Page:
In a recent referendum, Switzerland’s voters said no to an earlier phase-out of nuclear power.
On Sunday, 54.5 percent of voters and an overwhelming majority of cantons voted against closing Switzerland’s nuclear power plants after 45 years of running and banning the building of new ones.
Built in 1969, Beznau I in Switzerland is the oldest nuclear reactor in the world. Image: ENSI
Switzerland is heavily dependent on nuclear power. Accounting for over a third of electricity production, nuclear power is second only to hydropower, which provides just over half.
A yes vote to earlier nuclear phase-out would have forced closure next year of three of the country’s five plants – Beznau I and II (in canton Aargau) and Mühleberg (Bern) – and closure of the other two – Gösgen (Solothurn) and Leibstadt (Aargau) – in 2024 and 2029 respectively.
The oldest reactor – Beznau I – was built in 1969, and following the closure of Britain’s Oldsbury reactor in 2012, is now the oldest nuclear reactor in the world.
The resultant no vote to earlier nuclear phase-out means Switzerland’s five aging reactors can continue to operate to the end of their economic lives, as long as deemed fit by the regulators.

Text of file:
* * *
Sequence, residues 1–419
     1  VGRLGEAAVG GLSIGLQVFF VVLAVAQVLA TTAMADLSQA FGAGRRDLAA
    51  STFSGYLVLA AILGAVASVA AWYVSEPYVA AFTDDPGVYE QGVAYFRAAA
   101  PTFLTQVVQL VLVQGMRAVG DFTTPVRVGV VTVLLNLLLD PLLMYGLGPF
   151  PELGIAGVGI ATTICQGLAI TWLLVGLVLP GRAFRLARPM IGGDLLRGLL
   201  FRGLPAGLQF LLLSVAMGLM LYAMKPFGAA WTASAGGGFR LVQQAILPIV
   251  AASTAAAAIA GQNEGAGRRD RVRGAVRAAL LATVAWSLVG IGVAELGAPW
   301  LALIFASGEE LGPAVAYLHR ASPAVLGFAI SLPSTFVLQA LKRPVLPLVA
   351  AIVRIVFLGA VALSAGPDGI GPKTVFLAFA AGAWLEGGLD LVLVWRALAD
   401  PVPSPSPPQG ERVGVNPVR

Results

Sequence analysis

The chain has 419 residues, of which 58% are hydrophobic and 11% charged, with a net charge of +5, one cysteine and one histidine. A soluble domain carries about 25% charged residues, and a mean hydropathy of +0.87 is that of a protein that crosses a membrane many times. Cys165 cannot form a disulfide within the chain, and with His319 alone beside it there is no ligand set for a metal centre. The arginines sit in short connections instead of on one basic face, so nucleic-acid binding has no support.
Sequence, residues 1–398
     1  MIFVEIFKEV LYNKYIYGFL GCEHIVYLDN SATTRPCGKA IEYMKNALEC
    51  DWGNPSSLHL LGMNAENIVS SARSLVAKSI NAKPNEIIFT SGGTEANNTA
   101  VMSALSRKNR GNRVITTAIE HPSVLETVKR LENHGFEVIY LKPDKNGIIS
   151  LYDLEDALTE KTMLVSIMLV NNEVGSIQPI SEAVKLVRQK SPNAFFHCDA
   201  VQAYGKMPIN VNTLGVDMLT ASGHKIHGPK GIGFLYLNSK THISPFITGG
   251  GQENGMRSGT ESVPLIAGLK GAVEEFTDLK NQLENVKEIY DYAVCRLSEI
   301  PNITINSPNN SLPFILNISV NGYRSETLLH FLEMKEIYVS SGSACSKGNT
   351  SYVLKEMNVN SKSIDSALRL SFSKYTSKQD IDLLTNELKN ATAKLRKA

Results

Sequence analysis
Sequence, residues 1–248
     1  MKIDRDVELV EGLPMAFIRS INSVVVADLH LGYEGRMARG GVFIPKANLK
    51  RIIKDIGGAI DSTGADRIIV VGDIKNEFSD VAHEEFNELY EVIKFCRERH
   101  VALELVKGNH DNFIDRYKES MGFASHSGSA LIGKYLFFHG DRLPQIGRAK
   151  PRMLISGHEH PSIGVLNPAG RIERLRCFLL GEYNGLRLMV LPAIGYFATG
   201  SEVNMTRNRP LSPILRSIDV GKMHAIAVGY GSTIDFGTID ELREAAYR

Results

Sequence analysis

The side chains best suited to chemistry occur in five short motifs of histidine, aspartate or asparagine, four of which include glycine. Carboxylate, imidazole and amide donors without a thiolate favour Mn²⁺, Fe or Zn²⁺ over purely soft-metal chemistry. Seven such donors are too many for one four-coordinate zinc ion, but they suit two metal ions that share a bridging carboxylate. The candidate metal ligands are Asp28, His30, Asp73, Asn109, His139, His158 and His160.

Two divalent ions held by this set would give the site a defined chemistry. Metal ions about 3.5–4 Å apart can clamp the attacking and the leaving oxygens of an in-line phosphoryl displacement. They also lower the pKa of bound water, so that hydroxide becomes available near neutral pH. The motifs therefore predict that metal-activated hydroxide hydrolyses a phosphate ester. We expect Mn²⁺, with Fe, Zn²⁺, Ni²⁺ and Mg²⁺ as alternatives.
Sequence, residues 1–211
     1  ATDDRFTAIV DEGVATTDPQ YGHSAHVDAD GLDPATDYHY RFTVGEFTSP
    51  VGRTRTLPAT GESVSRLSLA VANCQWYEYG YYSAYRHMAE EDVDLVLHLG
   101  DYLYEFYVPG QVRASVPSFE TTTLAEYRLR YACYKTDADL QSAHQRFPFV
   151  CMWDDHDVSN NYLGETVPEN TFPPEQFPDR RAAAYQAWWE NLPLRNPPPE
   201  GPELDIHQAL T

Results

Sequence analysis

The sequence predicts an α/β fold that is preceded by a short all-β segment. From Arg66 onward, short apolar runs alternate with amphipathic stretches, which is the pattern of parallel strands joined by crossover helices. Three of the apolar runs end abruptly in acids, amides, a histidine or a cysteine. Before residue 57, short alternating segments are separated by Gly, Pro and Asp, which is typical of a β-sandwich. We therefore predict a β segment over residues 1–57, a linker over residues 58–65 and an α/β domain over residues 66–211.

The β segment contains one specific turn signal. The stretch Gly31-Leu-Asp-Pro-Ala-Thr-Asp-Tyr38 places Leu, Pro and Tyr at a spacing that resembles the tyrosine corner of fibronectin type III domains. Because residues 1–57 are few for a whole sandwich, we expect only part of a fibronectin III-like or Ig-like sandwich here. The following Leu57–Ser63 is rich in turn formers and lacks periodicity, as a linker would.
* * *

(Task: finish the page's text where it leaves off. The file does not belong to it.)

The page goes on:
Unlimited operating licences
All the Swiss nuclear reactors – except Mühleberg – have unlimited operating licences, which are subject to approval by ENSI, the Swiss Federal Nuclear Safety Inspectorate.
In 2010, plans were in place to replace Switzerland’s nuclear plants with new ones, following a referendum in favour of the plans and confirmation by regulators that the sites chosen were suitable.
However, three months after the Fukushima Daiichi disaster in March 2011, the Swiss government decided to gradually decommission its nuclear plants, but did not set a clear timeline – estimated to be sometime during the 2030s and 2040s.
Opposers of campaign said rapid closure too risky
Sunday’s referendum was called after a campaign by the Green Party gathered more than the 100,000 signatures required to put the issue to the popular vote under Switzerland’s direct democratic system.
Supporters of the Green Party’s case for earlier nuclear phase-out argue the advanced age of Switzerland’s nuclear reactors – they are amongst the oldest in the world – makes them dangerous and raises the risk of a nuclear accident. They say they should be closed once they reach 45 years of age.
Before the vote, the government and industry voiced their opposition to the earlier nuclear phase-out, saying that closing Switzerland’s nuclear power stations so rapidly was risky.
They said it would leave a gap in electricity supply that could not be met by renewables and could lead to power outages. It could also force the country to make up the shortfall by importing.
However, Regula Rytz, president of the Green Party, reportedly told SRF television that the referendum vote has not solved the problem, and promises that they “will keep at it,” emphasizing their case on grounds of safety and financial security.